First Amendment Supports Drudge
Michael J. Ring
Last month Sidney Blumenthal, an aide to President Clinton, walked into a Washington courtroom after being subpoenaed to give testimony in the Monica Lewinsky matter. It is rumored that Blumenthal has been leaking information to the press about the staff of Independent Counsel Kenneth Starr in an attempt to damage Starr's investigation of Clinton. Blumenthal told the Associated Press that Starr demanded information about every conversation he had with members of the press. The White House aide termed the subpoena "an assault on the first amendment."
On the 11th of March Blumenthal will be back in court in another matter raising first amendment questions. This time, however, he will be a plaintiff. Blumenthal and his wife are suing Internet journalist Matt Drudge and America Online, mainly over Drudge's refusal to disclose his sources after printing scandalous rumors about Blumenthal.
Drudge, 30, has skyrocketed to the top of the media world with his widely read Drudge Report, which can be accessed through America Online or the Internet at http://www.drudgereport.com. From his Hollywood apartment, Drudge vigilantly monitors news wires and makes calls to his network of insiders, always searching for a scoop. And he most definitely gets them: the Drudge Report offers its readers the breaking news and hot rumors that have become the essence of American politics in the 1990s.
The controversies swirl from the August 11th issue of the Drudge Report, in which the journalist reports a story entitled, "GOP: The Blumenthal Option?" It states that the Republican brass was considering using allegations of spousal abuse against the presidential aide if Democrats used similar allegations against GOP media operative Don Sipple to damage Republican interests.
Drudge did not present a unilateral opinion in his article. He quoted "one influential Republican, who demanded anonymity," as saying, "There are court records of Blumenthal's violence against his wife," he also quoted an anonymous White House source who called the allegations completely false, noting: "This story about Blumenthal has been in circulation for years."
According to the report, Drudge tried to contact Blumenthal several times but was unsuccessful. And Drudge's word choice in the dispatch, including such words as "accusations" and "allegations", served again to note this story was not to be then taken as incontrovertibly true. The allegations were indeed false, and there were no court records. Drudge unequivocally retracted his statements the very next day, but the Blumenthals were unsatisfied.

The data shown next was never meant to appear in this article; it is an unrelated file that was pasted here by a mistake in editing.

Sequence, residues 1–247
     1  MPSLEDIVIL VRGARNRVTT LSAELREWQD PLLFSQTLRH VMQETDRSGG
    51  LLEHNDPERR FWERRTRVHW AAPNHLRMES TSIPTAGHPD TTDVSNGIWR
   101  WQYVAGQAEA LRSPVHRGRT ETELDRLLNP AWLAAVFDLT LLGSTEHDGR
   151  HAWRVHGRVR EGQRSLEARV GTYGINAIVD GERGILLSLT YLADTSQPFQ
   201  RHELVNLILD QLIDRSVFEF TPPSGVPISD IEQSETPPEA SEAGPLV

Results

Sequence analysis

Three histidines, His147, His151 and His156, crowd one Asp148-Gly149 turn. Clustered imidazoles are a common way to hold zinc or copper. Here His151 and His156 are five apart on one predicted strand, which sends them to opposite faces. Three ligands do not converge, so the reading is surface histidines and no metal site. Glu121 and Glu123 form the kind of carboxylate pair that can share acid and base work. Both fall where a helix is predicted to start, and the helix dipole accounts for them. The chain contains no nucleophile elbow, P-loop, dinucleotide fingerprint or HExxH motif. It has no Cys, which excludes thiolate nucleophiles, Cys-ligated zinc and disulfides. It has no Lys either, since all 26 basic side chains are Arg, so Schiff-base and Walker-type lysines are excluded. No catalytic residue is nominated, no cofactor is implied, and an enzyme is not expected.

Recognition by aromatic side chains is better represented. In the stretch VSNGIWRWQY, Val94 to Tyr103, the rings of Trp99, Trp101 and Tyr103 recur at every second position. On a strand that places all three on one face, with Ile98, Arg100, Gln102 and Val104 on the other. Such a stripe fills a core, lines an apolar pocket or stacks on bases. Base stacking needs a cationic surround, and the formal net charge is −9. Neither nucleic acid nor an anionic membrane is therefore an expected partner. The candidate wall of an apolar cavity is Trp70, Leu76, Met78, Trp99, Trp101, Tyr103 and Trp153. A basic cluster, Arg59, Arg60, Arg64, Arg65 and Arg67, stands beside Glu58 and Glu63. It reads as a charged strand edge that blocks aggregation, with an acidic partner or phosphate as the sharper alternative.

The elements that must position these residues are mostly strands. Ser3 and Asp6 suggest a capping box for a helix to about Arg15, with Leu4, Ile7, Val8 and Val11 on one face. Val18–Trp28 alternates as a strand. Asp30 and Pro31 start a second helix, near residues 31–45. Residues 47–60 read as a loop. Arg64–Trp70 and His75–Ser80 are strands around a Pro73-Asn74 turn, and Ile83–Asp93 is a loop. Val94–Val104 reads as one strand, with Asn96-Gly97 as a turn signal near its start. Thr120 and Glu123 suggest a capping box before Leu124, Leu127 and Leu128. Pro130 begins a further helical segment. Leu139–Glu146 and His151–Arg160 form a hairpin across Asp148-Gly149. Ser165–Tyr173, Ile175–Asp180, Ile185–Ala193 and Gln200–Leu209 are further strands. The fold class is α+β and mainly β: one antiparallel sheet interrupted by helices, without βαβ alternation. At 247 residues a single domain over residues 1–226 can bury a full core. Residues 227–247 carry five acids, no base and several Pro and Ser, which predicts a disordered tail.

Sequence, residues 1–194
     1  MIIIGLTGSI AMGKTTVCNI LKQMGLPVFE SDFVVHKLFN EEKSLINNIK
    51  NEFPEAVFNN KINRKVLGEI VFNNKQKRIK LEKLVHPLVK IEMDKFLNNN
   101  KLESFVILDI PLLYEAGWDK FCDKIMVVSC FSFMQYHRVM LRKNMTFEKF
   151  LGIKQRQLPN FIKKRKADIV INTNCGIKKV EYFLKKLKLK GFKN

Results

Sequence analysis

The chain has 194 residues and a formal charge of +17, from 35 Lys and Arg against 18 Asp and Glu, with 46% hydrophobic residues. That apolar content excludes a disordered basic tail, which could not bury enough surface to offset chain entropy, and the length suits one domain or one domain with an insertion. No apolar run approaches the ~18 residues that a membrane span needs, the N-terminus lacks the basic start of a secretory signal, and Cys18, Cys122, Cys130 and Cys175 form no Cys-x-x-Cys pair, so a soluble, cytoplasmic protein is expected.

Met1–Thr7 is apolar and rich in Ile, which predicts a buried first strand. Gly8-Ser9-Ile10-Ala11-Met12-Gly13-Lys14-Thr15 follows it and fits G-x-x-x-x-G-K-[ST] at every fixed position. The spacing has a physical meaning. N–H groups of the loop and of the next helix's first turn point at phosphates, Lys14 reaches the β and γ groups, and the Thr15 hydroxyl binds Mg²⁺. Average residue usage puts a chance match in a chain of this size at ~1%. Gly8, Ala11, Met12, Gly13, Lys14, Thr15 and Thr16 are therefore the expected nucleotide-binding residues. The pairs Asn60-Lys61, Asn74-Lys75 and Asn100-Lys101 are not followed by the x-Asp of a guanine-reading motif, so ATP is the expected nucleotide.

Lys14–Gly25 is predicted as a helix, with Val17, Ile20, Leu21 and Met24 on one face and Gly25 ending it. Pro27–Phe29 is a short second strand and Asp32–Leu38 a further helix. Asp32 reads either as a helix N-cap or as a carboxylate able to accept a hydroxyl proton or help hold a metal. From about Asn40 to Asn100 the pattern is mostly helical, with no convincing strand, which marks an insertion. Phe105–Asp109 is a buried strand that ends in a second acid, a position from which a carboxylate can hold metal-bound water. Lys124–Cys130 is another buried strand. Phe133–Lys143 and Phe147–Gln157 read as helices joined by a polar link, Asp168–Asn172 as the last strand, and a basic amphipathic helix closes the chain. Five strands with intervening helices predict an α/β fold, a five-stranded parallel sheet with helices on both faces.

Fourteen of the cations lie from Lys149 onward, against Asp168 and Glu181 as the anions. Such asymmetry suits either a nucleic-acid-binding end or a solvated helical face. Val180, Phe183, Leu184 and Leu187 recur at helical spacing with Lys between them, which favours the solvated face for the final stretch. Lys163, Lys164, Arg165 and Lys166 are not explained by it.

They demanded, among other names, the "influential Republican, who demanded anonymity" and the "White House source" in Drudge's article. In short, Sidney Blumenthal was engaging in the very same activity that he now finds so reprehensible.
The 1964 case New York Times vs. Sullivan would seem to protect Drudge. That Supreme Court decision protects the publication of all statements, including false statements, surrounding the behavior of public officials, so long as the author of the article does not act with malice.
By noting the allegations were not his, but those of another, and seeking White House comment on the situation, Drudge attempted to report the view from all perspectives. He certainly was not acting with malice.
A lawsuit that threatens the rights and liberties of our press is a very serious and frightening affair. And perhaps the most threatening thing about it is that the Chief Executive of the country may be on board. Apparently President Clinton has approved of Blumenthal's decision to sue Drudge though nothing in the fateful report of August 11th even hinted at accusations against Clinton.
"Mr. Blumenthal did talk to the President and the Vice President about this, who told them that they support him if he wanted to proceed along these lines," said White House spokesman Joe Lockhart.
Bill Clinton would probably like nothing more than to see the Drudge Report shut down. Matt Drudge has been a relentless critic of the President, and it was the Drudge Report that first broke the Lewinsky matter. In the following weeks the dispatch has contained additional damaging details of the alleged affair. But these are not slanderous attacks on the President; the Clinton-Lewinsky connection has become a very serious matter indeed. They are now a focus of Independent Counsel Kenneth Starr's investigation. Certainly the public has a right to know why its head of state is under investigation.
Perhaps no persons' experience can better demonstrate the White House's opinion of the Drudge report than that of Susan Estrich. A former Dukakis campaign manager, Estrich is hardly a conservative. Yet after a column in USA Today in which she defends Drudge's right to free speech, the editorial board of that publication received a complain; not from Blumenthal or his attorneys, but from the President's Deputy Press Secretary.
In a second column, Estrich perfectly characterized the worrisome situation: "If this is a private lawsuit pursued in a private capacity, why is the White House calling to complain?" Most likely the President wants no part of the lawsuit but feels obliged to back his friend and confidant Blumenthal. But if there are other motives for Clinton, one shudders to even think of the implications.
Matt Drudge presents his news hard, raw, and fast. He is bound to have some faults upon the way, report a mistaken rumor, and unintentionally give his readers a piece of incorrect information now and then. But it these very qualities of immediacy and importance that have propelled the Drudge Report to its current level of success.
So long as Drudge reports sincerely and without malice, the first amendment is on his side. So too, then, should be every American who cherishes the rights afforded under our Constitution.